On cold, dark winter nights, eight in the evening feels so much later.
Tonight is such a night. The streets are desolate. Neighbors cocoon in their homes. The sun rests with such haste that the early evening feels like midnight or later.
Restlessness grips me. The night feels old and stale and I feel ready for a new day to be born but still hours of darkness remain. I take a drive in my car on nights like this.
In my car I drive to nowhere, circling Main Street of one town to Main Street of the next. I pull my driver’s side window down and the cold breeze pushes in against the car’s heat, which puffs and pushes back. Scents of burning wood on the winter air. Song after song from scratched, chipped, stuttering CDs is sung across the car’s speakers.
I love music, I like to sing. I often think about taking lessons. It’s one of those things that you never really tell anyone.
As when I write, listening to the rhythm of song can truly burn a fire in me. It makes me feel more alive. And so in the private venue of my car, I not only listen, but sing.
Between the pauses of breath and frequent breaks that an untrained, straining voice demands, it starts to dawn upon me why I wish to write books.
It’s because I want you to sing along with me. I wish for you and I to sing a song together.
I will suggest my songs to sing–that’s what a book is. But I don’t even care if we sing my songs or someone else’s. I don’t want you to join along with me because they’re my songs. I’ll just use my books as my excuse to invite you to sing with me. I’ll write them, just so I know there will always be something to be sung.
Hafiz once said, “I wish I could speak like music.”
I love that idea.
I too wish I could speak like music: that every sentence and page would be its own song; that a book I would write would be less a collection of words and more a masterful symphony of emotion. I wish for each page to read like poetry. For one word to flow into the next like two beating hearts pressed into each other.
I wish for words to capture the flow of a river; for you to not need to paddle or swim but float and be carried away to wherever you desire.
It has never before dawned on me, this writerly want.
If you were to ask me but a few minutes prior, I might have said that I wish to write books because they are such unique things: the exemplification of the art form of writing, for all its beauty and difficulty.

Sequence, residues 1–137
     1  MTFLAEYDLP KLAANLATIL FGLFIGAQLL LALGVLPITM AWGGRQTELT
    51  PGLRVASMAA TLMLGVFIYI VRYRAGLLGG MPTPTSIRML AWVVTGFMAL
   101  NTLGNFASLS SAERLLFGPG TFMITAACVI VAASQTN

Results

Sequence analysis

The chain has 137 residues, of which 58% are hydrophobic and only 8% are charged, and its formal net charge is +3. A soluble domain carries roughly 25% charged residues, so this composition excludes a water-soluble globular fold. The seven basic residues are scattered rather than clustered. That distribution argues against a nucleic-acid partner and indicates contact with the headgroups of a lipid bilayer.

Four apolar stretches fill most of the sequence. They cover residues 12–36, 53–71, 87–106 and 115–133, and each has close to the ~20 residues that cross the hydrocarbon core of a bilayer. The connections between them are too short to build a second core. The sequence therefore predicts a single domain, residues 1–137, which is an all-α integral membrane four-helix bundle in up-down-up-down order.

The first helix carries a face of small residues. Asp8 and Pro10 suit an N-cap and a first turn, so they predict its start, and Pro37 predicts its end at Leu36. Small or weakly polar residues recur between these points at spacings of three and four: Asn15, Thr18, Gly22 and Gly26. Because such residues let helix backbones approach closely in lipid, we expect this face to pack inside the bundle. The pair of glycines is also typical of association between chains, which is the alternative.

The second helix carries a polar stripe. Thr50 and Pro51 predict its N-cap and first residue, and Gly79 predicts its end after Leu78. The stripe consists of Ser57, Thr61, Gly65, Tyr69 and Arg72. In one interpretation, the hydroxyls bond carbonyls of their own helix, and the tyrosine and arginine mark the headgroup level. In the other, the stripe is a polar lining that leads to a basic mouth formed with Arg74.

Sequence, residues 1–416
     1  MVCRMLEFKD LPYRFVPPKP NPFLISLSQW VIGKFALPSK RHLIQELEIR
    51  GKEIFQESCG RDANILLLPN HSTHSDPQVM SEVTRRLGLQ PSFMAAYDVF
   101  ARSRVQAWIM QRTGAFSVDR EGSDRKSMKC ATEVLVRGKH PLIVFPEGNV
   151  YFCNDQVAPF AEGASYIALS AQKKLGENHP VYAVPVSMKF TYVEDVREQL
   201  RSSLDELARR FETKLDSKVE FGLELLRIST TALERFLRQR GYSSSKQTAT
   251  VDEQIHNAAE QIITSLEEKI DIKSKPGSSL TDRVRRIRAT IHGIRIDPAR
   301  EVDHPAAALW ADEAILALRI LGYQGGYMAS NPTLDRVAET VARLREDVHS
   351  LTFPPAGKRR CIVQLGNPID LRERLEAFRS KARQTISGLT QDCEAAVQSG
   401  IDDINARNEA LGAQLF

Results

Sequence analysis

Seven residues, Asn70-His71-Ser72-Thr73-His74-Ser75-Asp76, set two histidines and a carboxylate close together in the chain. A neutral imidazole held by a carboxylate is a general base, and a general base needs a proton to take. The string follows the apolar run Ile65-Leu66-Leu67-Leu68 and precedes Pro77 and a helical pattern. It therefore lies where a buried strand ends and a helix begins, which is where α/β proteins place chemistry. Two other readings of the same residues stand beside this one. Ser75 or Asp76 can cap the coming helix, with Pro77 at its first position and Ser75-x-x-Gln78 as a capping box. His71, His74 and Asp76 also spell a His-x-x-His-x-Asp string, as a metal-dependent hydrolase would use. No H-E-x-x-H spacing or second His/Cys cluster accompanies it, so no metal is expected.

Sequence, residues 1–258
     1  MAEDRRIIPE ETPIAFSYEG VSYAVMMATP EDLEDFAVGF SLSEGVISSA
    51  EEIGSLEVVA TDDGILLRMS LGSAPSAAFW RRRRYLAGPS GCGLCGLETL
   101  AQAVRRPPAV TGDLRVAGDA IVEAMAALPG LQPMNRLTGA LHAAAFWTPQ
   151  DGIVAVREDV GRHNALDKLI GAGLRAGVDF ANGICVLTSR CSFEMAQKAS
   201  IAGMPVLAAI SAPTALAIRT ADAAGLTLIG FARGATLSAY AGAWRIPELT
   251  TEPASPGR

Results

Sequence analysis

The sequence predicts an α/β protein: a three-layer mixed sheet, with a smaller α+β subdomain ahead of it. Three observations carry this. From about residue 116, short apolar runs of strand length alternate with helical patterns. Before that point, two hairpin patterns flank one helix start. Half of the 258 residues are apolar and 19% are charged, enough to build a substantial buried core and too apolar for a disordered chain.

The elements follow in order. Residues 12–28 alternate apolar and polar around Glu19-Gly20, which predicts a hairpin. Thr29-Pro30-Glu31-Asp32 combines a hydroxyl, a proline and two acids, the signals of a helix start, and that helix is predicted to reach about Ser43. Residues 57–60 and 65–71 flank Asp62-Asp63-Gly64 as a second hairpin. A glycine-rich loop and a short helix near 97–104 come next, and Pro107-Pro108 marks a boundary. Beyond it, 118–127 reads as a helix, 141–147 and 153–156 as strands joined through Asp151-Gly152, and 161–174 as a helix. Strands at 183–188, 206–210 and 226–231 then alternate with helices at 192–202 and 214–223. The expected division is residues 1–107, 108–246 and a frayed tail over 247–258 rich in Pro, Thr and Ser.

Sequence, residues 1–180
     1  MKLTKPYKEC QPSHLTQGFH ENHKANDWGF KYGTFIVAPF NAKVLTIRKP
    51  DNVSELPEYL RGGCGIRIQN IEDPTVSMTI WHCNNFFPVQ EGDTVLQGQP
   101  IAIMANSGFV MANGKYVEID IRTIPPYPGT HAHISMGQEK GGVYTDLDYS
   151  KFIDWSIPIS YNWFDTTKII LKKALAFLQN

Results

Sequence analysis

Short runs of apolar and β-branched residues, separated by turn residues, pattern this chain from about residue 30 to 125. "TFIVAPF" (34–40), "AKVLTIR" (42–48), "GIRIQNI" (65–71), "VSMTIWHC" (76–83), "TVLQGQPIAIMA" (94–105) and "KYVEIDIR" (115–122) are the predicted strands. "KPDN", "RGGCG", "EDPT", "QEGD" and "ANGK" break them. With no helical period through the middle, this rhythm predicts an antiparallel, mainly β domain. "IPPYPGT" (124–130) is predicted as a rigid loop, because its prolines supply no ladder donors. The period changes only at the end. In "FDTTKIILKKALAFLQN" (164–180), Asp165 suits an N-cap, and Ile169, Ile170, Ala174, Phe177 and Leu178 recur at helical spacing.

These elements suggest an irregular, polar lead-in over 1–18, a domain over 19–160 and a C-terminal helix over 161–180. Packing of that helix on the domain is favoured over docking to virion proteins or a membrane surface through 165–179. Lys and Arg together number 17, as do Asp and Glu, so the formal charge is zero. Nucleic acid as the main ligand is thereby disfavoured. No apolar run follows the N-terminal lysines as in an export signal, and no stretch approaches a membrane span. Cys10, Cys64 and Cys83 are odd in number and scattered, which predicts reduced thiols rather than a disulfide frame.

I romanticize the idea of change and service and leadership, and so books become that: strenuous treatments of complex subjects and ideas that require extensive exploration. I might have said just moments prior to now that a book and how it is written must prove themselves to be worthy of the eyes and minds of a reader–a book stands upon its own or it doesn’t. That seems just. That seems equal and fair.
I might have said that a book is a window into the soul; that its pages grant you, the reader, a privileged chance to melt into the soul of another, for all his viewpoints and stories and struggles, and for all her ideas and hopes and dreams.
Perhaps those are all still true.
But even those reasons now seem so… small.
I wish to write books because I wish to go to bed with you–for my pages to lay beneath your pillow as you slip into slumber, because if I cannot myself be there with you, then this slice of me can, and simply knowing that makes me feel all the more in love with you. I wish to fall in love with you. I wish for us, when we someday meet and you tell me that you’ve read my words, to realize that we are in fact in love. I wish to meet a stranger and for that stranger to become a lover, a friend, a soul-mate–in an instant. Writing a good book that’s worthy of being read grants me that.
What is love but a soul seeing its equal in another? There need not be anything romantic or sexual to the idea. Love is equality, recognized. And a book is a vessel by which we can sing the same song together.